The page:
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For most workers, there’s already no minimum wage

By   /   January 13, 2014  /   No Comments

THE VALUE OF A JOB: One expert says "unpaid interns have taken the jobs because they think they’ll look good on a resume, get their foot in certain doors, or teach them skills to later get paying jobs."

THE VALUE OF A JOB: One expert says “unpaid interns have taken the jobs because they think they’ll look good on a resume, get their foot in certain doors, or teach them skills to later get paying jobs.”

 

By Benjamin Yount | Illinois Watchdog

SPRINGFIELD, Ill. — There are thousands of workers in Illinois working today for far less than the state’s required $8.25 an hour minimum wage.

But these are not poor laborers trapped by tyrannical bosses. In many cases they are young, well-educated professionals who are happy to have their jobs.

“There no doubt are some people early in their careers who are on salary instead of paid by the hour and who are lucky if they make minimum wage when the long hours they put in are considered,” said Steven Stanek a research fellow at the Heartland Institute. “Young lawyers spring to mind.”

But that’s just one side of the coin.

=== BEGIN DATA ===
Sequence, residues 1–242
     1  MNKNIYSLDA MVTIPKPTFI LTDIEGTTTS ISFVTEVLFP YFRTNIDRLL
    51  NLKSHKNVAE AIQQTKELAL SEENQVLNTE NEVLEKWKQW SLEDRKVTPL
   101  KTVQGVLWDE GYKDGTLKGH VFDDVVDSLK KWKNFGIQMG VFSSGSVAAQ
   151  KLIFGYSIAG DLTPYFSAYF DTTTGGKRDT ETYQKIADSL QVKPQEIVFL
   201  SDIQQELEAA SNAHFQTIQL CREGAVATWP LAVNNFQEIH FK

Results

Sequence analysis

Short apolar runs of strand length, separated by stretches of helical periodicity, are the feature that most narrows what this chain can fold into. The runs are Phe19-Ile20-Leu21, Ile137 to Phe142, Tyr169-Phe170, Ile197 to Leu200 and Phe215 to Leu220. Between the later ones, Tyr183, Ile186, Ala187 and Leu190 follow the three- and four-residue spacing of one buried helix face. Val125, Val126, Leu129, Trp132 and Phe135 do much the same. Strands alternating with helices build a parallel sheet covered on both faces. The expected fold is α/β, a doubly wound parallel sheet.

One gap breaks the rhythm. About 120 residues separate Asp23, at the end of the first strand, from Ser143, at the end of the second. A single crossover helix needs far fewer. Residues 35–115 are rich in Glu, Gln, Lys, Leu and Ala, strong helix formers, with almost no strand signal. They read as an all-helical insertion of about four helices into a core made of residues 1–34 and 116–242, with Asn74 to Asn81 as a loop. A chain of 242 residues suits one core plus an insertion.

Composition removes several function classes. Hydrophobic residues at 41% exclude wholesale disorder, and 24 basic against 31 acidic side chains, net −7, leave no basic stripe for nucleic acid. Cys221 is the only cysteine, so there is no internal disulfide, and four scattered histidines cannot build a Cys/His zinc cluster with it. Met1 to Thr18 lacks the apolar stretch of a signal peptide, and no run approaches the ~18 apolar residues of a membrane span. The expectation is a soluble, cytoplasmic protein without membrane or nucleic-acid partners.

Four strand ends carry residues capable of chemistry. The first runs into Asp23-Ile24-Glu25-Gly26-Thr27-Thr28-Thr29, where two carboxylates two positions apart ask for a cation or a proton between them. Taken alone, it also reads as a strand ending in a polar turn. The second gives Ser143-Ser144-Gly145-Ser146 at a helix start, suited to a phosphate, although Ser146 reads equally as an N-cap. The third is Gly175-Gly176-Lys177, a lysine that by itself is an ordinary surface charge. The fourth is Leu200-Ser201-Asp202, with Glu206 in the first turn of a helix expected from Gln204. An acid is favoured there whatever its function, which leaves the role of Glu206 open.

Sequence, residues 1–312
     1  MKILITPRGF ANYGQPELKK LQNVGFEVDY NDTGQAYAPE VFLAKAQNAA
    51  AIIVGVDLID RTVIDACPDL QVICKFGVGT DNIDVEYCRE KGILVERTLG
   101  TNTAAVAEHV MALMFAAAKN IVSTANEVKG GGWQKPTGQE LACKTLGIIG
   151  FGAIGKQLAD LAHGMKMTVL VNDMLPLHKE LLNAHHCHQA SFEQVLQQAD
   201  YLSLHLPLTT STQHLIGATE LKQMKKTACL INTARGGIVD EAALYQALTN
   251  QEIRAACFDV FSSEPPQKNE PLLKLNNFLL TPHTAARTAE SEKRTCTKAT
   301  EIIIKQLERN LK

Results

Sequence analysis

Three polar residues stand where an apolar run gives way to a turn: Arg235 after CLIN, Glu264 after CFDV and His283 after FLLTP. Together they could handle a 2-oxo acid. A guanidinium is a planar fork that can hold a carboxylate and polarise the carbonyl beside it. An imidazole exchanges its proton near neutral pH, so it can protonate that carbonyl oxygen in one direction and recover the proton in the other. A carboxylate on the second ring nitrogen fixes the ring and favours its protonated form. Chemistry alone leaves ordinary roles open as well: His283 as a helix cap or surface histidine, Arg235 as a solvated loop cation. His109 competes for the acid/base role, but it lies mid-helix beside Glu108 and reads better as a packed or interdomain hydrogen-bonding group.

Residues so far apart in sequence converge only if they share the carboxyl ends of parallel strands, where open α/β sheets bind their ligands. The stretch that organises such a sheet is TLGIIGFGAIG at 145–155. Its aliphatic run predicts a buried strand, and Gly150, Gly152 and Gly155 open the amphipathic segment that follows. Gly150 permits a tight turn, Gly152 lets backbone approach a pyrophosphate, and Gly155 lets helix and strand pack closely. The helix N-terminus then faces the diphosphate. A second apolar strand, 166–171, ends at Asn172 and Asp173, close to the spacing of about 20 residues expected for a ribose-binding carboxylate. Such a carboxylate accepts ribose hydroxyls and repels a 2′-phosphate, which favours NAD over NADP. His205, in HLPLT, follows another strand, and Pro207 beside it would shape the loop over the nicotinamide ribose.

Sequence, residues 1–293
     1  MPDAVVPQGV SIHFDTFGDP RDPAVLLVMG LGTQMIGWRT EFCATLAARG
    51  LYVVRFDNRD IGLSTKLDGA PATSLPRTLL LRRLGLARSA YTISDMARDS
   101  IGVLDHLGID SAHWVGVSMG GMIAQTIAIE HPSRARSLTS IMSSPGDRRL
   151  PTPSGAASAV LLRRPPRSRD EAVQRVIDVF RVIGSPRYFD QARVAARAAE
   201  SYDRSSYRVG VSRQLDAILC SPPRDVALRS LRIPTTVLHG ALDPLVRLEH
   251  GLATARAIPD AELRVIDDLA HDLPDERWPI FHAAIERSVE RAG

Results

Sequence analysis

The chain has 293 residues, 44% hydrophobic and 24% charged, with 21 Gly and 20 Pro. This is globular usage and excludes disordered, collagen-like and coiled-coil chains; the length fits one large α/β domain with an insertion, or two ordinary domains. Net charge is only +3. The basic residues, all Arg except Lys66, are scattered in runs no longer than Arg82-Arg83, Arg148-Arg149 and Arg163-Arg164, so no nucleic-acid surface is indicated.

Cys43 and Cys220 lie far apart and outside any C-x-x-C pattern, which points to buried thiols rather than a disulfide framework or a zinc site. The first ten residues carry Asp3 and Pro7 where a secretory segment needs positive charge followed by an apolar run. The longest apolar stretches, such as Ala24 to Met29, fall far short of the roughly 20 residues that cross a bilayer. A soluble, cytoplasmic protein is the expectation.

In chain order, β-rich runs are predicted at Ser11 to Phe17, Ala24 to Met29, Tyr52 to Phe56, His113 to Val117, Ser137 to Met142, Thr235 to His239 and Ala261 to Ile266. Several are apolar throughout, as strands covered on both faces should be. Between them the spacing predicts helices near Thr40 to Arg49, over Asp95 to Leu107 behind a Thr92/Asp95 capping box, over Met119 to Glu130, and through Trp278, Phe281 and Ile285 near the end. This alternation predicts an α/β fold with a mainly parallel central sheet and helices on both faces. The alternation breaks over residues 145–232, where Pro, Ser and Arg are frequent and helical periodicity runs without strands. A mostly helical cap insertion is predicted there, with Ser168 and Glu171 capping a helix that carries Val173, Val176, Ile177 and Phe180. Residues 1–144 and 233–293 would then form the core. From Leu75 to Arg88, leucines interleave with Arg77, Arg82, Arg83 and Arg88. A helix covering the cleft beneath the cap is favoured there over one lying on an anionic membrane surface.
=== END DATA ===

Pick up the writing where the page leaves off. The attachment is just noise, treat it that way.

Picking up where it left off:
“For more than 95 percent of workers, the minimum wage is moot because they already earn more than the minimum,” Stanek noted.

Illinois’ minimum wage, and what the wage should be, has become the topic de jour in the race for governor.

Multimillionaire GOP frontrunner Bruce Rauner has said in the past he would lower Illinois’’ minimum wage by a dollar an hour to be more in line with the federal minimum wage.

Rauner has since backtracked.

“The real answer is a booming economy and a great educational system and vocational programs. A higher minimum wage can hurt the very people it’s designed to help. It hurts small businesses,” he said.

Illinois’ incumbent Democratic Gov. Pat Quinn has long said he wants to raise the minimum wage, pushing for $10 an hour.

Stanek said it is laughable to see politicians demand a higher wage.

PAY TO PERFORM: Most fast food workers make more than the minimum.

“The big irony in the minimum wage discussion is that some of the loudest advocates for a higher minimum routinely hire people to work for nothing,” Stanek said. “The White House, Congress and legislatures around the country are crawling with unpaid interns. These unpaid interns have taken the jobs because they think they’ll look good on a resume, get their foot in certain doors, or teach them skills to later get paying jobs.”

Stanek said as long as workers are willing to work for less than the minimum wage, government should not stop them.

One of Rauner’s GOP opponents, state Sen. Kirk Dillard, R-Hinsdale, seems to agree.

“I am, what I guess is known as a Jeffersonian free-market principle guy,” Dillard said. “And I believe the marketplace sets everything, including the minimum wage.”

Contact contact Benjamin Yount at Ben@IllinoisWatchdog.org and find him on Twitter @BenYount.

 

 

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